Listening to the Princeton Hip-Hop Symposium
Indeed, eBay now joins a growing and distinguished list of U.S. Internet businesses that have been driven unceremoniously from China’s shores. Three choice examples:
* AOL: AOLegend? Gone. Cut and ran.
* DoubleClick: Swaggered in on high hopes in . Packed it up and handed their China business to TechSolutions.
* Yahoo!: Spin it how you want, Yahoo! bailed and dumped headaches on Alibaba in a deal that was a sweet one for Alibaba’s shareholders.
Where Did It All Go Wrong?
They left for a simple reason, the same reason eBay is handing over the keys to Tom – China was not core to any of their businesses. They came over here believing that China would be important to them in the long term, and decided they needed to be here big time. In other words, they bought into the great fallacy sold regularly to foreign businesses – get in here now, and get in big, or surrender forever any potential to do business here.
But in reality, their businesses were growing and evolving so quickly in markets that were ready now, today that they could ill afford to distract their time, attention, and capital to a major effort to fight regulators, competition, and the sheer tempo of the market to build a leading position in China (or even the internal capability to get them there.)
If you think about it, this is not a bad template to apply to almost any foreign company operating in China. Simply ask the question “is China genuinely key to the success of this business, or is it merely “important?” If the former, success is about doubling-down, with focus and energy more than capital and head count. If the latter, success is about getting out now and handing the business to someone who will give it their full time and attention.
The China Online Dead Pool
I see two categories of refugees joining this parade of online notables.
The first is those who have yet to show, but are coming. Driven by the hype, by the Olympics, and the narrow window of opportunity for their own businesses, they are on their way.
* MySpace: is China really core to their business? Do they offer something that can’t be readily replicated? I cannot shake the feeling that MySpace is showing up now because Rupert has the online bug and Wendi is bored.
* YouTube: Late. Strong competitors. And frankly, Google has enough to worry about here.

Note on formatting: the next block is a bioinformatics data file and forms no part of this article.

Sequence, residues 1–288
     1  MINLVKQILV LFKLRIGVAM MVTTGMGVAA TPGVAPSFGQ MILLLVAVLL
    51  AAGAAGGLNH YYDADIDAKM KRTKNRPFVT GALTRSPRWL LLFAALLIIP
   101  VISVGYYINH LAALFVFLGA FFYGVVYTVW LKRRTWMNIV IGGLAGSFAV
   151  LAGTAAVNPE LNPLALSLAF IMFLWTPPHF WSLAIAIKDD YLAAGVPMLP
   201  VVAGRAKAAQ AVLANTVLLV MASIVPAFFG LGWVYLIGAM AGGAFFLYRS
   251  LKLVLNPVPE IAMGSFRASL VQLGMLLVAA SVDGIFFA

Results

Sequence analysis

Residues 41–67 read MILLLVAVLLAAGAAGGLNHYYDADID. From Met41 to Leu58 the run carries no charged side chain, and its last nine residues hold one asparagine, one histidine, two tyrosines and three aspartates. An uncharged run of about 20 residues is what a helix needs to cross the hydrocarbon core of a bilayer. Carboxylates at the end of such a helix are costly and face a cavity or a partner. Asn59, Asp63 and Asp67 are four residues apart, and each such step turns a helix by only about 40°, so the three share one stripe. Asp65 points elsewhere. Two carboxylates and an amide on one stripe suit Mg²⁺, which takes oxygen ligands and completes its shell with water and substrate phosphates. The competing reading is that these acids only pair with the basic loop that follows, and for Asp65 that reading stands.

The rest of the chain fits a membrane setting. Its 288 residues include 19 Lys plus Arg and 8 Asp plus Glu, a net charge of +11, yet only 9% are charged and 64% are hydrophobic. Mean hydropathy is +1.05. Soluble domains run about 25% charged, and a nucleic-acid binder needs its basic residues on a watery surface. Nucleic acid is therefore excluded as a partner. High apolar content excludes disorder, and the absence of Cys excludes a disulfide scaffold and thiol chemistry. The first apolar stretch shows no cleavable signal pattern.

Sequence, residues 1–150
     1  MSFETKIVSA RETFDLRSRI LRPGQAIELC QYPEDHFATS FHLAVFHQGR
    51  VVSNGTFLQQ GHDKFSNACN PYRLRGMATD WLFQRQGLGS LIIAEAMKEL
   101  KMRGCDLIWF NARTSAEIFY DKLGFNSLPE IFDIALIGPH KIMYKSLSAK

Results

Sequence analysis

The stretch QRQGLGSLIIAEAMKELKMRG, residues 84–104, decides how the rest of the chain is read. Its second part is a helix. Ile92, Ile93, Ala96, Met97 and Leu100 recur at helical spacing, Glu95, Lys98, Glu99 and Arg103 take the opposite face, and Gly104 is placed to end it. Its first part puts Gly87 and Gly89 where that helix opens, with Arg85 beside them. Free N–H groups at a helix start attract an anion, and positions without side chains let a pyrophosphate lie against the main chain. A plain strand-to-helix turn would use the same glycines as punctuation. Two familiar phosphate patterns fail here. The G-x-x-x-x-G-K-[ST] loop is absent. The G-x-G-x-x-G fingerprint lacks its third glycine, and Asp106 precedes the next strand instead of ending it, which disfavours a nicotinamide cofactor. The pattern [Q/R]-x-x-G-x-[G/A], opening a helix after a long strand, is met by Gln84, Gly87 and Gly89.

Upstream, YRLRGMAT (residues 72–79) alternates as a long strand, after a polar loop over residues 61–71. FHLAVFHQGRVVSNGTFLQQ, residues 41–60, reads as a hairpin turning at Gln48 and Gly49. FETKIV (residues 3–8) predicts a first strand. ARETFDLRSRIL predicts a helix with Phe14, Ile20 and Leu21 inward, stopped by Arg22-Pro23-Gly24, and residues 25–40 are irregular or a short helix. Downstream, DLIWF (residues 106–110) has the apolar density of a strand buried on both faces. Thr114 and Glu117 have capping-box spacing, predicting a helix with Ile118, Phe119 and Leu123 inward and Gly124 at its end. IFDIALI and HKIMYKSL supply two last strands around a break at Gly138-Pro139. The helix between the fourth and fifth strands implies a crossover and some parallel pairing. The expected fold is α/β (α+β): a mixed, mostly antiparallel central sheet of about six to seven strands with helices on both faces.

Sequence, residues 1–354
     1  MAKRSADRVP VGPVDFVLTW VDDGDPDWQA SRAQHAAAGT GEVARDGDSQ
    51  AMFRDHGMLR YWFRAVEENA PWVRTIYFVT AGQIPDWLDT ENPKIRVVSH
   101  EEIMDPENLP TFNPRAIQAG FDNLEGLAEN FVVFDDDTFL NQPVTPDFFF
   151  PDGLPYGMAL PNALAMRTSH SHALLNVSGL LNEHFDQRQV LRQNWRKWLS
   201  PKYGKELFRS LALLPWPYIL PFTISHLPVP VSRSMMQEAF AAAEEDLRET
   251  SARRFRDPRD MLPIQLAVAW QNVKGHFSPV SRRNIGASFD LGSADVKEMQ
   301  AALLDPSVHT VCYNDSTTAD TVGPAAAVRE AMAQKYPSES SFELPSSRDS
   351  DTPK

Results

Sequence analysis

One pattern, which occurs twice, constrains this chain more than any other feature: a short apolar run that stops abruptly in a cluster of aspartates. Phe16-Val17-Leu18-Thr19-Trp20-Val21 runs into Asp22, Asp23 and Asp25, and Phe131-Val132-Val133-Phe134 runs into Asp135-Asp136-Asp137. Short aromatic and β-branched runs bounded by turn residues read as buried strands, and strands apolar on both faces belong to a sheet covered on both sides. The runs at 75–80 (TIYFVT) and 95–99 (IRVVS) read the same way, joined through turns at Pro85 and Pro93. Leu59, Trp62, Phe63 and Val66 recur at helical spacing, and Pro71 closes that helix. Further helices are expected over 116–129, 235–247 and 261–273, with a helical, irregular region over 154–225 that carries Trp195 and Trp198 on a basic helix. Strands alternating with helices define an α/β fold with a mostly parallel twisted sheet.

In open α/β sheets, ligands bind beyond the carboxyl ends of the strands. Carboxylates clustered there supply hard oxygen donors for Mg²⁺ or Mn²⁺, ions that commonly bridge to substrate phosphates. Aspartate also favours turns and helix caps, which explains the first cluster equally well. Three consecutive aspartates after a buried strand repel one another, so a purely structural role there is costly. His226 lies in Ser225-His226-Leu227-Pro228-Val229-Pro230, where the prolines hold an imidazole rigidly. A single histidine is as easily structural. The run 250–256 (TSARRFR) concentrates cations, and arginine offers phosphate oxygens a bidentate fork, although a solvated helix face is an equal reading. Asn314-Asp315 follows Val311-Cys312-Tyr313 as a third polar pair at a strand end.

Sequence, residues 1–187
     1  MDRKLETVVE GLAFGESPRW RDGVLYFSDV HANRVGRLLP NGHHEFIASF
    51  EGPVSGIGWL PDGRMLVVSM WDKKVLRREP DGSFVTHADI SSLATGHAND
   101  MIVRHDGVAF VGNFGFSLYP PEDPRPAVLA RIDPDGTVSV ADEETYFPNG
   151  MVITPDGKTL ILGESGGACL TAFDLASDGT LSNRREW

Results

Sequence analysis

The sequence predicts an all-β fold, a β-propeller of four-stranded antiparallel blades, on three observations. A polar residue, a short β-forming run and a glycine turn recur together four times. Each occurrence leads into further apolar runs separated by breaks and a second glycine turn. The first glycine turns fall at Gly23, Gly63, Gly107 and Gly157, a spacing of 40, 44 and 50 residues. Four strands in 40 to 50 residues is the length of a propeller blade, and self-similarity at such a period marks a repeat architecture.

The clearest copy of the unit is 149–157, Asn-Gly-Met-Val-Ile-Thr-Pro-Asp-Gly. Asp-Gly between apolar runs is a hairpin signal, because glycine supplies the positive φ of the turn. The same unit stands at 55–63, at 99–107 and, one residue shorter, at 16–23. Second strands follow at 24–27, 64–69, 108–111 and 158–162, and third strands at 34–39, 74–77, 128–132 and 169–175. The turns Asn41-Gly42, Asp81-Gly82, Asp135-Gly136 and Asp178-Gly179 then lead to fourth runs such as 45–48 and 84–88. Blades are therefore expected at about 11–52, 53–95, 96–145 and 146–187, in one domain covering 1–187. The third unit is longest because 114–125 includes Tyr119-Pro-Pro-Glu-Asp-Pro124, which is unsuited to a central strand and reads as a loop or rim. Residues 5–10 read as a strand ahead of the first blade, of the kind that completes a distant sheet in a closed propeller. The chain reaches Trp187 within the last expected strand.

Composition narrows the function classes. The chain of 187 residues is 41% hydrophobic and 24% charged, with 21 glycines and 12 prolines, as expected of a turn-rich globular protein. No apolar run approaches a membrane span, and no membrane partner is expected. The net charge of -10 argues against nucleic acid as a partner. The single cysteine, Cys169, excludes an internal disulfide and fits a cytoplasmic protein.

The second is those who are here, but who have challenges elsewhere that place China on the back burner. The first are eBay units:
* PayPal: Will pack up and leave with eBay, taking the hassles of trying to do a banking business in China with them. They have bigger fish to fry than sit around in Beijing waiting for a possible issuance of online payment licenses. And let’s face it – anyone who is handicapping in this race is betting that the first online payment licenses go to organizations closely affiliated with Chinese banks. Not even Tom has that kind of pull.
* Skype: This belongs to Tom already. The Skype business in China is Tom’s business, not eBay’s.
In addition, there is the big question:
* Google: They’re investing huge, and piling up warm bodies firewood before a blizzard. But many people in this town – including a few in the Hutong – are not convinced this is going to translate into success. Make no mistake – the jury is out, and Baidu is keeping the pressure on.
At some point, Google’s investment in China is going to have to start showing meaningful results. eBay’s move may hasten the day when a) Wall Street analysts start asking some very pointed questions about the China operations, and b) vocal activists in Google’s core markets find one or more choice opportunities to resume their vilification of Google as an abettor of repression.
When that day comes, The Boys In The may decide that China is more trouble than it is worth, and work out a deal with the Baidu guys.
The countdown will begin when we hear of the next high-level departure from Google China.
Prepare for the Tsunami
The online businesses will not be alone in this mass retrograde movement.
In the last five years, a lot of companies across a wide swath of industries have come to China, many of them propelled by little more than a nagging feeling that “China is going to be huge” and “we have to be there.”
Most of them will stick it out through the Olympics. But mark my words – 2009 is the morning after, and between now and then a lot of CEOs are going to start rethinking whether the hassle of China is really worth it to them.